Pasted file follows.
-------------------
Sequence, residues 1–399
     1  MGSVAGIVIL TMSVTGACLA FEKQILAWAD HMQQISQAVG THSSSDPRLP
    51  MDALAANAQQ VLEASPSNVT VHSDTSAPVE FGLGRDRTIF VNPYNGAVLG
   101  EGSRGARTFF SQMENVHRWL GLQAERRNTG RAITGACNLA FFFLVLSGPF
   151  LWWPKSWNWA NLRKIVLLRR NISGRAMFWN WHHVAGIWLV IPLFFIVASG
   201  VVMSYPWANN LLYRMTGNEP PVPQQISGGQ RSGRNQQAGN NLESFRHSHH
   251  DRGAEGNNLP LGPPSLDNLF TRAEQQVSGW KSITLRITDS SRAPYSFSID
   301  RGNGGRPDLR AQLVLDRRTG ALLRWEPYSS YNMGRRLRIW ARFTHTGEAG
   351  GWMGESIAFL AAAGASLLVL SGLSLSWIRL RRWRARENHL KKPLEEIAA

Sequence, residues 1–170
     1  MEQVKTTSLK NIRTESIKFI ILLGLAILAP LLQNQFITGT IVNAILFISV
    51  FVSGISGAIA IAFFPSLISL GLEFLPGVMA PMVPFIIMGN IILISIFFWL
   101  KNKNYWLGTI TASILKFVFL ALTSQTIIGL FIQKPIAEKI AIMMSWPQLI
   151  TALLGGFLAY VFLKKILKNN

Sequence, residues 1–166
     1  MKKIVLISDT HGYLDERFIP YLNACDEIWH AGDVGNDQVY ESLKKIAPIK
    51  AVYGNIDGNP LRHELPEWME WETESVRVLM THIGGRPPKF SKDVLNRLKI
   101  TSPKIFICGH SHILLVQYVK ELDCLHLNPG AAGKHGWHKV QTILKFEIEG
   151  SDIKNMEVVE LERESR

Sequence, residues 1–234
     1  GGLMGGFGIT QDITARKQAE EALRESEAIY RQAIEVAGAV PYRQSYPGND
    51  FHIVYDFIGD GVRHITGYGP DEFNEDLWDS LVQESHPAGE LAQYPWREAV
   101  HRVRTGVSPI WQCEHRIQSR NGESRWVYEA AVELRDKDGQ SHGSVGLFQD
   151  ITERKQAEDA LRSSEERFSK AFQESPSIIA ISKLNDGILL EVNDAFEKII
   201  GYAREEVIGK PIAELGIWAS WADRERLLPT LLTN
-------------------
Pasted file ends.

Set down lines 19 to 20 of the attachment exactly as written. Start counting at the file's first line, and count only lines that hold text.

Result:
   151  SDIKNMEVVE LERESR

Sequence, residues 1–234